If it were a friend that was single and without kids, I would say: “Hey, you may want to look into the HSA. I didn’t know about it. There is some evidence pointing to the fact that this is a good investment vehicle.” And I would ask them how many times they actually go to the doctor. I would encourage them to look into it.
SO: Are there any challenges or learning experiences that you would like to share?
I was initially very confused. I am putting money in here. I know I can invest it, but where does it go? You have to go through your healthcare provider to get to it, but your investment is not with the healthcare provider. It wasn’t clear to me how this was supposed to be an investment vehicle. Even the implementation portion was confusing.
SO: Did you ever think of HSAs as a way to save for retirement?
No. Because I think it’s more confusing as it’s linked to your insurance. It’s not just a money vehicle. It involves you physically. Your insurance is related to your health. Even when I was weighing my options, it made me think about how often I would need to go see a doctor. Choosing a high deductible plan with HSA was a little more of a scary decision. It made me feel like I was betting on my health. When I was doing a poll amongst the people I worked with, it was a bit of a touchy subject because it involved healthcare.
I also think that people don’t link money and health together. You either talk about your health, or you talk about money, but you don’t really talk about the two together.
SO: Would it have been helpful if someone had said this is another mechanism for you to build on your retirement to start growing a pocket of money to start paying for healthcare expenses?
Yes, but it makes me wonder. When you are straight out of college, many people are tied to their parents’ health insurance–until you are 26. After that, they think, “Oh shoot; I have to get my insurance.” Then you have a generational gap because a parent is more likely to go for a low deductible health plan as they might have dependents. Then the advice they are giving their kids is based on the parents’ age, not their kids.
SO: Are there any specific expenses that you were surprised to find out were covered?
No, other than the $1000 reserve. I’m still relatively new to the HSA, so I couldn’t figure out how to spend the $1000. Yes, there are healthcare expenses, but it’s not the first thing that I would go to for paying them.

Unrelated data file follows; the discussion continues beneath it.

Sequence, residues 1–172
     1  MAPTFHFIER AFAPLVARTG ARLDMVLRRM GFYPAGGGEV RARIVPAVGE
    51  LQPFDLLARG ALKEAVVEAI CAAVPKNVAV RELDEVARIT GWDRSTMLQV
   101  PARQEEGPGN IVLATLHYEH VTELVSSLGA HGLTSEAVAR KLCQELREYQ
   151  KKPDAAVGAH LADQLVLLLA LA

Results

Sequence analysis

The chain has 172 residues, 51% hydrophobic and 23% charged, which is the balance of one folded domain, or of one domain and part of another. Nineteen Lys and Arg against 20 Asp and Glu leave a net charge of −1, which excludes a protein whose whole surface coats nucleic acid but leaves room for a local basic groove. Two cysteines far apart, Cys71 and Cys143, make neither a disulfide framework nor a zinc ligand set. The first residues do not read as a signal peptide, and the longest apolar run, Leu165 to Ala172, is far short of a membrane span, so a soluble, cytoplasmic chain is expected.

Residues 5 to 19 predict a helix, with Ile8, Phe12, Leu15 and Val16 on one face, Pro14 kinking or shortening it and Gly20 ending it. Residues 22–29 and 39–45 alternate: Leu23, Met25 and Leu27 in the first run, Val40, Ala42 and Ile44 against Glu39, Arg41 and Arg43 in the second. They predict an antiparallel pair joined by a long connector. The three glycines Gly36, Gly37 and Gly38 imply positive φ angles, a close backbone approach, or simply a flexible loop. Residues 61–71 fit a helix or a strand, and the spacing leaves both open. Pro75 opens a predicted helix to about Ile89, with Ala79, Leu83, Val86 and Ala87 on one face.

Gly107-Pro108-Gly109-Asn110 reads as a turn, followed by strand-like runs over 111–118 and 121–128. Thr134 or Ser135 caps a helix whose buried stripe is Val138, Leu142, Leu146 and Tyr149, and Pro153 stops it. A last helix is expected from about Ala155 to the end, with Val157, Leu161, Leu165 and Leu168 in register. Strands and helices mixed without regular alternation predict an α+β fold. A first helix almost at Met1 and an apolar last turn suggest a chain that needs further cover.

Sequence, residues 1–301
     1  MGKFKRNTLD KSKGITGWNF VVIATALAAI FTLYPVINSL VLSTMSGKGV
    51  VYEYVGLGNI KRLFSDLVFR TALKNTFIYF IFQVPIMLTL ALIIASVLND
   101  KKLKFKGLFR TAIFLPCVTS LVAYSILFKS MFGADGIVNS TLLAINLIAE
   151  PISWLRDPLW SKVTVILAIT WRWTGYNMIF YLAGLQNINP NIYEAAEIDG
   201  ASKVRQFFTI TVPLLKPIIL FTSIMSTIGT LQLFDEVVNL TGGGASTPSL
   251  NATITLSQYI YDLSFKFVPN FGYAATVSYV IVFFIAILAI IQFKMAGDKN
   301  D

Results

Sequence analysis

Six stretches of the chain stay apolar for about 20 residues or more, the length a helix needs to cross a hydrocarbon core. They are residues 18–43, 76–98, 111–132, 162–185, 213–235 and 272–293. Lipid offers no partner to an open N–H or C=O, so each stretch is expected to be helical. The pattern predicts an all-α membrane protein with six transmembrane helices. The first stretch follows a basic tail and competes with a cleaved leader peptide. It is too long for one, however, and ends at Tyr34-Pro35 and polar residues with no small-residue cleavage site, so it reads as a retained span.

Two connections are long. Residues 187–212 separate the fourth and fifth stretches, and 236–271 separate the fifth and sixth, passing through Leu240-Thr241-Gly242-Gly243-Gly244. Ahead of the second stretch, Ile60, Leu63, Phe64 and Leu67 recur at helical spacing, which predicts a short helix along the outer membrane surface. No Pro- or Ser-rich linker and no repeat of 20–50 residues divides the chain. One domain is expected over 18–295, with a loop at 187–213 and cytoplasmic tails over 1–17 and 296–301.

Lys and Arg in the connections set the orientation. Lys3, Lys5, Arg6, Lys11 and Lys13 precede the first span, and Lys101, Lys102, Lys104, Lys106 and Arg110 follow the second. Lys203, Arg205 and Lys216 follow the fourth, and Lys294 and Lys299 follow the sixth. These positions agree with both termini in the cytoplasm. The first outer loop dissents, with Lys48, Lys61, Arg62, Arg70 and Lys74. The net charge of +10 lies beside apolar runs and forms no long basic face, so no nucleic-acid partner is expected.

SO: So why don’t you think of your HSA as the first place to spend your money when you know deep down it is for health care expenses?
For me, my wallet is on my phone. I have a certain amount of cards that I carry with it. So, I don’t take my HSA card with me. The fact that it’s on a physical card is very annoying. It would be way easier for me to mobile pay. I imagine that a lot of people are in the same position. Unless you have a wallet with a lot of card slots–why in the world would you be carrying around that card?
SO: When you were just starting to invest (in an HSA or in general), were there any mindset barriers you had to overcome?
Beyond the initial signup, it became an investment, so I treat it as an investment. After that, no. As soon as I understood the benefits, it made sense to have it in my portfolio since I’m relatively young, and it is tax-free. I didn’t really think about it like this is a pre-tax health care thing that I would use. In my criteria of signing up for it, I had already determined that at this age, I’m not going to the doctor very often.
What advice do you have for people who may be in your shoes right now to get in the proper mindset of investing long term?
I would encourage them to look at their whole portfolio as a tax-advantaged account. If you put in money now, you still have a relatively long runway until retirement, so why wouldn’t you look at it as a compounding factor? That’s for my friends who don’t have kids. For my friends who do have kids, I would say, look into it, but factor in their kids’ potential health care costs.
SO: One thing that stood out, negative or positive or both?
I didn’t realize it was pre-taxed and then not taxed.
NOTE: These are edited excerpts from the conversation with an HSA participant. In some cases, stock photos and only first names or initials have been used to protect identity.